In Shanghai, China meets the U.S. - from nowhere to everywhere

Editor's note: The two-year China-U.S. trade war has affected the entire world, and has also triggered questions about whether globalization faces an end. During this year's China International Import Expo, CGTN visited Shanghai, where the Sino-U.S. relationship officially began, to make a short series entitled "In Shanghai: China Meets the U.S." This first episode is a discussion of globalization, and its future.

When the world is off balance because the two biggest powers are not seeing eye-to-eye, how do American institutions and their Chinese partners think about the past, and their future? Are American businesses still operating in China? And what does this all mean for the world?

Forty-eight years ago in a small, but now historic hall in Shanghai's Jinjiang Hotel, Chinese Premier Zhou Enlai hosted President Nixon's ice-breaking delegation. Here, Americans and Chinese signed the first Sino-U.S. Joint Communique, officially starting relations and establishing the principles of the One China Policy; mutual respect, non-interference, and peaceful co-existence.

Reviewing his trip to China, President Nixon later said: "If there was a postscript that I hope might be written with regard to this trip, it would be the words on the plaque, which was left on the moon by our first astronauts when they landed there: 'We came in peace, for all mankind'."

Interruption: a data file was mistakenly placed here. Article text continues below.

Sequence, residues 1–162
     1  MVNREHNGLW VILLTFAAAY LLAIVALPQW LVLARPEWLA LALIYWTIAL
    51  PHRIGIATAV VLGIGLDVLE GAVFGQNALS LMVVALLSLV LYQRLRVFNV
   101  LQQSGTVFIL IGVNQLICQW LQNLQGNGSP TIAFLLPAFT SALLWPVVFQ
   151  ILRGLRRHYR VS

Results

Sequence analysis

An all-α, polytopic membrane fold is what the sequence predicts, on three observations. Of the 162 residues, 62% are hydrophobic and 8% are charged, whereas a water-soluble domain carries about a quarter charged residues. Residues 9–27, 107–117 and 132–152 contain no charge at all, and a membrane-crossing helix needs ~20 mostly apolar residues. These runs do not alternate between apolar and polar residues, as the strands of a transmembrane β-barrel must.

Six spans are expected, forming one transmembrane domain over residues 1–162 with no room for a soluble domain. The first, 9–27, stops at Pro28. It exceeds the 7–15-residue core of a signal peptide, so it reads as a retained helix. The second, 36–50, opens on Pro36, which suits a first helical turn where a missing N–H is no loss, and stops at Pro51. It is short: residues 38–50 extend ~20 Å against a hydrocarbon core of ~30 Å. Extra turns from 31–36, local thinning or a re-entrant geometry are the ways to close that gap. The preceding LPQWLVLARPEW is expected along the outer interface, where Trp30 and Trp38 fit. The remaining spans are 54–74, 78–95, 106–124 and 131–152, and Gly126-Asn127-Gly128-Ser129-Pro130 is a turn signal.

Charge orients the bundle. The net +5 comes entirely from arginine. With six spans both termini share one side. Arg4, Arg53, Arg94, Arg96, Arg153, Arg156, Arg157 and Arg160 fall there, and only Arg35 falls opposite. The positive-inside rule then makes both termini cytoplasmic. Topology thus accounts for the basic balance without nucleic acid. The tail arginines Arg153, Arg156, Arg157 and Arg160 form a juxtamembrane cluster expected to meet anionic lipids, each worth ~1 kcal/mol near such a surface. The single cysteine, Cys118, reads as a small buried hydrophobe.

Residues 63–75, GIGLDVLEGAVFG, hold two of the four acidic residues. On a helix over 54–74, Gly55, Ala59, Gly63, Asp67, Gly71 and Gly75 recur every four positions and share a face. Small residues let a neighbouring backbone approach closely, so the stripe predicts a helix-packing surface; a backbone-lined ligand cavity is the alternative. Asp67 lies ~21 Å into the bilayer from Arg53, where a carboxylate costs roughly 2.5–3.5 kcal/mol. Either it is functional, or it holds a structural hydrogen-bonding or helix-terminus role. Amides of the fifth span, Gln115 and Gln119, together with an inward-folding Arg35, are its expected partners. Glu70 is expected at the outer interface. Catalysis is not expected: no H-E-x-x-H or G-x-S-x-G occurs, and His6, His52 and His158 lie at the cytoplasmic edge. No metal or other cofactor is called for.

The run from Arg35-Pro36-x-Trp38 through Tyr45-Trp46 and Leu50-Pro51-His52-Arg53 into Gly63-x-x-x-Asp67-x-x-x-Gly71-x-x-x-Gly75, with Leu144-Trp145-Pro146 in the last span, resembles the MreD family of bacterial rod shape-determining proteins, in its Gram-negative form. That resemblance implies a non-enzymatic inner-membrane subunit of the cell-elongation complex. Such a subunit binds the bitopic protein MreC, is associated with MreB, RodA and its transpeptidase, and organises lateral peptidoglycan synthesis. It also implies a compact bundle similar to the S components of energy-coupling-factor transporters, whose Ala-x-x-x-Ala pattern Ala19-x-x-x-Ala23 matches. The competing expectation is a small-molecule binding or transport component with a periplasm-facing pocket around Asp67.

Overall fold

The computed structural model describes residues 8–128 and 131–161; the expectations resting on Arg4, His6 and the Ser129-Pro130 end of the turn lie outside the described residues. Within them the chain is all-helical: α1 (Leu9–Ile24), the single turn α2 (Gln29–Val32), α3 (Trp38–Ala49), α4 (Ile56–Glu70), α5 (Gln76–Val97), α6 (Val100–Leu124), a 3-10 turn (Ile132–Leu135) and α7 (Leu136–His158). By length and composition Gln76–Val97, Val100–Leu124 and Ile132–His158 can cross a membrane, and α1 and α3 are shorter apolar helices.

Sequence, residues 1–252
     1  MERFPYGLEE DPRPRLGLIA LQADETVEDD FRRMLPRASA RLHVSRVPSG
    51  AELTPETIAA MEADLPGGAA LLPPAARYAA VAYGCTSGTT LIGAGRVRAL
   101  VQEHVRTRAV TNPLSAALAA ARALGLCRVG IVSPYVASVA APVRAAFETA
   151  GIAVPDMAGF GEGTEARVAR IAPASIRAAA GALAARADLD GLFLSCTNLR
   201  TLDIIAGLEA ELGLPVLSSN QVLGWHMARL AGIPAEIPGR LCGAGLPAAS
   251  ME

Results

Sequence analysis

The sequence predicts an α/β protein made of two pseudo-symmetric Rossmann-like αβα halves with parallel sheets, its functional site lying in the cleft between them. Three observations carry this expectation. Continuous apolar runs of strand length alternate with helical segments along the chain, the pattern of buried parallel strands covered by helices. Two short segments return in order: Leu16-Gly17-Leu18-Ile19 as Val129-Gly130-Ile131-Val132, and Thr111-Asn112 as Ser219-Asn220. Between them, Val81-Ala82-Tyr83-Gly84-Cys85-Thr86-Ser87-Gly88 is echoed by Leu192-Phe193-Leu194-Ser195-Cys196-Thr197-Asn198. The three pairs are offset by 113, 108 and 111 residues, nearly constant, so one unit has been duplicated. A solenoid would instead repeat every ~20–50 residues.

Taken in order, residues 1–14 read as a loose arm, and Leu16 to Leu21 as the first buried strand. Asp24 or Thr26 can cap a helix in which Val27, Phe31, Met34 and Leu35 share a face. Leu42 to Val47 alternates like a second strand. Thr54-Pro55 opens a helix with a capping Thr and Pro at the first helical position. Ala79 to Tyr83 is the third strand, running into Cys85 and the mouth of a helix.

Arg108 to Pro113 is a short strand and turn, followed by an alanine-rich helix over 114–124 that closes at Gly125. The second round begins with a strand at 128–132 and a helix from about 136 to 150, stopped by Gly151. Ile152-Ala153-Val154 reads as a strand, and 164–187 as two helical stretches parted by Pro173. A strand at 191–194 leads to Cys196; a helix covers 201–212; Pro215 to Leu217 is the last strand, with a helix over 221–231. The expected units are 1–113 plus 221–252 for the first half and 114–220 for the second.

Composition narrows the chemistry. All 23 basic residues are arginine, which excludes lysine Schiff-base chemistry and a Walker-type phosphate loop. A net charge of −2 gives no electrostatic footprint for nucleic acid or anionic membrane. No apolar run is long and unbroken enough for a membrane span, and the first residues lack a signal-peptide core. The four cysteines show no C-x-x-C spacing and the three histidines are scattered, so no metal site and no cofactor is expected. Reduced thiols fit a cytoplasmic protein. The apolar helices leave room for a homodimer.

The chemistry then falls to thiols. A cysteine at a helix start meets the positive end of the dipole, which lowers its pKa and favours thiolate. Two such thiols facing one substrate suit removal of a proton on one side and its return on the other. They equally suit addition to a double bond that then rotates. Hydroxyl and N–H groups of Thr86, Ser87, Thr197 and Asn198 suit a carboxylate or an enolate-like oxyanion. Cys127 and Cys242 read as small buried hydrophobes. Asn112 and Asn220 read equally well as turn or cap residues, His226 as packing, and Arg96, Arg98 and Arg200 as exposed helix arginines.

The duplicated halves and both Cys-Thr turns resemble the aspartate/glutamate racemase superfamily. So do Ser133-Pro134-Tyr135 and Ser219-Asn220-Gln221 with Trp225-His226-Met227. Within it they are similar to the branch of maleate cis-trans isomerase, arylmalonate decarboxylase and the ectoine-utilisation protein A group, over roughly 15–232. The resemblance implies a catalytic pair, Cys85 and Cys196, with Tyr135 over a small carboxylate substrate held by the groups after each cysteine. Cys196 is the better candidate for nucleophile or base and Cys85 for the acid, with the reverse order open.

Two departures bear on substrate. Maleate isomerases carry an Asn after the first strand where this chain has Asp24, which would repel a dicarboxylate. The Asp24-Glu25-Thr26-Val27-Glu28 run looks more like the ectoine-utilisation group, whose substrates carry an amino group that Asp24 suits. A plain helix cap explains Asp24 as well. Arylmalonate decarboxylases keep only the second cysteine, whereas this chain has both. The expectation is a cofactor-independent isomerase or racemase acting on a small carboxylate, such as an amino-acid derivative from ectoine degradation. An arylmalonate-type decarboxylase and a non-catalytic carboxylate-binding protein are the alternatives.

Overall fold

President Nixon opened the door to China and Chairman Mao gave him a gift of Chinese tea in commemoration, but neither men probably realized they had also opened a new stage in global commerce.

For Lin Songtian, President of the Chinese People's Association for Friendship with Foreign Countries, China has never stopped trying to open up to the world, and he points to two beverages; tea and coffee, as proof that the idea of co-existence has a long history here.

"Tea is China's traditional drink, and has roots dating back more than 4,000 years. But we also don't reject new concepts, new ideas, new products, like coffee. "

When we talk about coffee, the name that comes to most Chinese is Starbucks. Since opening its first Chinese store 21 years ago, it now has deep roots. It is big not just because it provides coffee, but also a way of life, that connects with the Chinese.

And in just two decades, China has become the company's second largest overseas market, and it continues to expand.

Lin says there are now more than 4,400 Starbucks in China, in 180 cities.

"I think it makes our life enriched, and also more colorful."

Be it the relations between countries or with a global coffee chain, it is this connection that ensures things will survive, and thrive. And looking around here, there's no reason to believe globalization is reaching its end. Far from it.

Rabbi Shalom Greenberg, Director of the Shanghai Jewish Center, believes globalization can help give people a better sense of who they are.

"Many people think that globalization means that I should lose my identity," he says. "The right approach is when a person stays true to who he is, but is enhancing his life with the cultures that he's been opened to, and is learning from."

Without globalization, neither Chinese tea nor American franchises would have gone as far as they have. Forty years on, China has changed, the U.S. has changed. But globalization has not. China and the U.S. are not quite adversaries yet, although they are moving that way. But does that have to happen? And are we even asking the right questions to make sure it doesn't?

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